How children are affected by out-of-home care depends not only on the qualities of their teacher and the classroom, but also on the nature of the children's relationship with their caregivers. That's the finding of a new study on the level of the stress hormone cortisol in children in full-day child care.
Cortisol, the primary stress hormone in humans, tends to be at its highest levels in the early morning and gradually declines over the course of the day. But recent research has found that many preschoolers in full-day child care have increases in cortisol from morning to afternoon.
This study found that children in classrooms with closer to 10 children were more likely to show cortisol decreases from morning to afternoon, while children in classrooms with closer to 20 children tended to show greater increases in cortisol across the day. Children with more clingy relationships with their teachers showed greater rises in cortisol from morning to afternoon, and children with more conflicted relationships with their teachers showed greater cortisol boosts during a one-on-one session with their teachers. Conflicted relationships were said to occur when teachers tried to control resistant children, when children perceived their teachers as unfriendly, or when teachers or children reported that the teachers found the interaction frustrating.
This unusual increase of cortisol levels is of potential concern because long-term or frequent elevations in cortisol can have negative health consequences. Research with animals and human children suggests that secure relationships with parents protect children from rises in cortisol in stressful situations.
This study, by researchers at Washington State University, Auburn University, the Washington State Department of Early Learning, and the Pennsylvania State University, appears in the November/December 2008 issue of Child Development.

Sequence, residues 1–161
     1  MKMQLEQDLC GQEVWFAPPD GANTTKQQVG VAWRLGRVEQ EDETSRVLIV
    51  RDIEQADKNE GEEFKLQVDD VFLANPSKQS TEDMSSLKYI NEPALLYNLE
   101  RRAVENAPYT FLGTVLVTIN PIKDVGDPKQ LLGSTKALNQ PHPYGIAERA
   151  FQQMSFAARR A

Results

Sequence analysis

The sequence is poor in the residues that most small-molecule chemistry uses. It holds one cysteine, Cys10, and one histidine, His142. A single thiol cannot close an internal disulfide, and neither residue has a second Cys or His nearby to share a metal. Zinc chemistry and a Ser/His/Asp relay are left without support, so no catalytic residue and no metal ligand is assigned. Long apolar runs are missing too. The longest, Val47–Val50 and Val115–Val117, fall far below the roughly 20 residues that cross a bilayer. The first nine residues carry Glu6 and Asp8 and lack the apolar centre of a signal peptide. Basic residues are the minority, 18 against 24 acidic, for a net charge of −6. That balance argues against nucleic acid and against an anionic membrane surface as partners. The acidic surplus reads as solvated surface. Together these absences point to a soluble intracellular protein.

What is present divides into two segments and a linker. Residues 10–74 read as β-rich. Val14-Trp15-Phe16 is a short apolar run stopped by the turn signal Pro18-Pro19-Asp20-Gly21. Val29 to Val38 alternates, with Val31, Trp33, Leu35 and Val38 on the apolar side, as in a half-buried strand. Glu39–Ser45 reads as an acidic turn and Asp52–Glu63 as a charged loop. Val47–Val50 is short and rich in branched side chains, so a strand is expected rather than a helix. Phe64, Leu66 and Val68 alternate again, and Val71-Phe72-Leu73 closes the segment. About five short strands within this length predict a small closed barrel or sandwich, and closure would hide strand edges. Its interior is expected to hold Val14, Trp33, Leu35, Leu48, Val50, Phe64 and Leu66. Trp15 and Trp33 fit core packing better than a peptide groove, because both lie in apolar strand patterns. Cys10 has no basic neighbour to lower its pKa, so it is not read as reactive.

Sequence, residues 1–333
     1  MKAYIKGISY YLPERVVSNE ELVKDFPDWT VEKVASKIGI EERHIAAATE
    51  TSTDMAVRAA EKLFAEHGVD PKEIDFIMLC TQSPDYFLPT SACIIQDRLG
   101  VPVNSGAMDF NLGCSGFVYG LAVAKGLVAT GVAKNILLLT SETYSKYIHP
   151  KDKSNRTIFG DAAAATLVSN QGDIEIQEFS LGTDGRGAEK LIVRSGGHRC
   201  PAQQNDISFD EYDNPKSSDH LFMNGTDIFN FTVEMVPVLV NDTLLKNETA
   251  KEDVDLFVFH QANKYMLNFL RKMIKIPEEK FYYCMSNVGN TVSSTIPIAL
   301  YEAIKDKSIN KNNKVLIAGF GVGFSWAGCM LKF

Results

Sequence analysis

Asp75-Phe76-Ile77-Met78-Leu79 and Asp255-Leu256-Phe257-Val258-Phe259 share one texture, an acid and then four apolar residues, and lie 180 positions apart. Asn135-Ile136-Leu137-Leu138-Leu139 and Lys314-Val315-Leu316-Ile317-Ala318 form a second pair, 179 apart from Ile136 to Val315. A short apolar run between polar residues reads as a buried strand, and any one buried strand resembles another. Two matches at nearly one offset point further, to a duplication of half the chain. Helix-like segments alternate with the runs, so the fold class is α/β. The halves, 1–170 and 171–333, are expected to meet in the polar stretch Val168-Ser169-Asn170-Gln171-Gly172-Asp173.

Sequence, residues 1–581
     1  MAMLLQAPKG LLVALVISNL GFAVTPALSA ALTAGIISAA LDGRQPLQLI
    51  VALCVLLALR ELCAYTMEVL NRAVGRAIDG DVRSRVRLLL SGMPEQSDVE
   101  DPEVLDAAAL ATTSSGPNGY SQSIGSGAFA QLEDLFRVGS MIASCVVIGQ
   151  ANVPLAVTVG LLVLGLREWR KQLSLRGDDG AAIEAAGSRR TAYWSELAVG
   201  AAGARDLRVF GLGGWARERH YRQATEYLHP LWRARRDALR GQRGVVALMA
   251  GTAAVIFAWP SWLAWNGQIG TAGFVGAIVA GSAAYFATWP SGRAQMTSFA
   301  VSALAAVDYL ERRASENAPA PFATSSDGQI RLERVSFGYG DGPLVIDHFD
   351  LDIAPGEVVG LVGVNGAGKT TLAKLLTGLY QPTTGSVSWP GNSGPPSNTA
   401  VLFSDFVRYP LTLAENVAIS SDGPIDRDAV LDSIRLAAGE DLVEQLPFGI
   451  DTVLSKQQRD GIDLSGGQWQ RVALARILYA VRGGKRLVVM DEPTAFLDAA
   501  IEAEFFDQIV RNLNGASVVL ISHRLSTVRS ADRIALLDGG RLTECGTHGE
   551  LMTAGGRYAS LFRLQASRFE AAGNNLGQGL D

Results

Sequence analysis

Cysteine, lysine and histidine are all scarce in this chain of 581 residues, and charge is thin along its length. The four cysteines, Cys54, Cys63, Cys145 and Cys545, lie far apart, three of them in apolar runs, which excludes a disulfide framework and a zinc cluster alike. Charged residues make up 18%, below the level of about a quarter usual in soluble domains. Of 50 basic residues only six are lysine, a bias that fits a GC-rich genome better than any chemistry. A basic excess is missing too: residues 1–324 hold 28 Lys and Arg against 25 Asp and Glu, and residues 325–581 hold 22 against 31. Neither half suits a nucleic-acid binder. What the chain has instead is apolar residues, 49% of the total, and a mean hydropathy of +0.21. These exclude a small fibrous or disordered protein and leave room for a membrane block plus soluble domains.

The study looked at 191 preschoolers attending 12 child care centers in a small southeastern U.S. community to determine if the quality of teacher-child relationships could predict increases in cortisol in the children. Teachers described their relationships with the children in their care on a questionnaire and children talked about their relationships with their teachers in interviews. Researchers also collected saliva samples from the children in classrooms to determine changes in their cortisol levels from morning to afternoon. They also collected saliva outside of class before and after a series of mildly difficult tasks designed to look like challenges the children might experience in the classroom and before and after a non-challenging interaction with the teacher.
"This study sheds additional light on an as yet incompletely understood phenomenon¬ among many young children attending full-day child care," according to Jared A. Lisonbee, assistant professor of human development at Washington State University and lead author of the study. "Additionally, the study begins to situate child care-cortisol research in the context of a broader literature on the role of relationships in shaping how children function and how they react to stress."
The study was funded, in part, by the National Science Foundation.
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